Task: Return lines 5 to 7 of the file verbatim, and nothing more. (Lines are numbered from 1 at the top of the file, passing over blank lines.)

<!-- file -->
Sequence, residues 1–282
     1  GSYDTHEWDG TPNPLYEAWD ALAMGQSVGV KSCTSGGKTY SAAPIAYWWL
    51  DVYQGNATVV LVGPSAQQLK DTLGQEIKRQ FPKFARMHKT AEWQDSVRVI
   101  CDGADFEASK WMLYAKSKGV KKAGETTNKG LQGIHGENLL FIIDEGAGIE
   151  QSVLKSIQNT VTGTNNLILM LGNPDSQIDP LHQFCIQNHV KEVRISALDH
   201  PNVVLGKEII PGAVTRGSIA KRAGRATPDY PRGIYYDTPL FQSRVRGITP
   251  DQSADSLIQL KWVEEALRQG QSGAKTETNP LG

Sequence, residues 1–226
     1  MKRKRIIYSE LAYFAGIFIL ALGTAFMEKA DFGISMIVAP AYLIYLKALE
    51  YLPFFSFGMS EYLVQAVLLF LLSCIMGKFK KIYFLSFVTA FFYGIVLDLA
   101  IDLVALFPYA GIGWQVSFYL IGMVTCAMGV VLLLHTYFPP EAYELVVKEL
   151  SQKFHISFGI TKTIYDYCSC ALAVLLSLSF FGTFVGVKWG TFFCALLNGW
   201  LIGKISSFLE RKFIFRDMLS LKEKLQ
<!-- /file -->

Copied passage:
   151  QSVLKSIQNT VTGTNNLILM LGNPDSQIDP LHQFCIQNHV KEVRISALDH
   201  PNVVLGKEII PGAVTRGSIA KRAGRATPDY PRGIYYDTPL FQSRVRGITP
   251  DQSADSLIQL KWVEEALRQG QSGAKTETNP LG